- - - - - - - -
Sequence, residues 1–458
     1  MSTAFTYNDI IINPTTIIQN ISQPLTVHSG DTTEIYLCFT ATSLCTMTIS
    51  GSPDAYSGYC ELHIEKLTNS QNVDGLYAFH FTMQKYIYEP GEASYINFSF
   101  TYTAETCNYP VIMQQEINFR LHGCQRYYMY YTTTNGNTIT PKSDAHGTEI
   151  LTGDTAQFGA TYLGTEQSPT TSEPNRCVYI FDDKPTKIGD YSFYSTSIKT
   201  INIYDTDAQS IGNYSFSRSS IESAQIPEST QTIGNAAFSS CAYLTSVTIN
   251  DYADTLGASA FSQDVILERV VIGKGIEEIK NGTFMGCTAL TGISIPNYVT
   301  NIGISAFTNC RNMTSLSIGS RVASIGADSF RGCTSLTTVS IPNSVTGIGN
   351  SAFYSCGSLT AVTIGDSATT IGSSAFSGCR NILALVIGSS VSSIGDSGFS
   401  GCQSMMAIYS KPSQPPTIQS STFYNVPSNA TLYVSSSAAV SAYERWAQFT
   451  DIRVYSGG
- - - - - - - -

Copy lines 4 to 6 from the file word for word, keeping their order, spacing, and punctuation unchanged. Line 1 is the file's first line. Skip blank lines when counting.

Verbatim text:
   101  TYTAETCNYP VIMQQEINFR LHGCQRYYMY YTTTNGNTIT PKSDAHGTEI
   151  LTGDTAQFGA TYLGTEQSPT TSEPNRCVYI FDDKPTKIGD YSFYSTSIKT
   201  INIYDTDAQS IGNYSFSRSS IESAQIPEST QTIGNAAFSS CAYLTSVTIN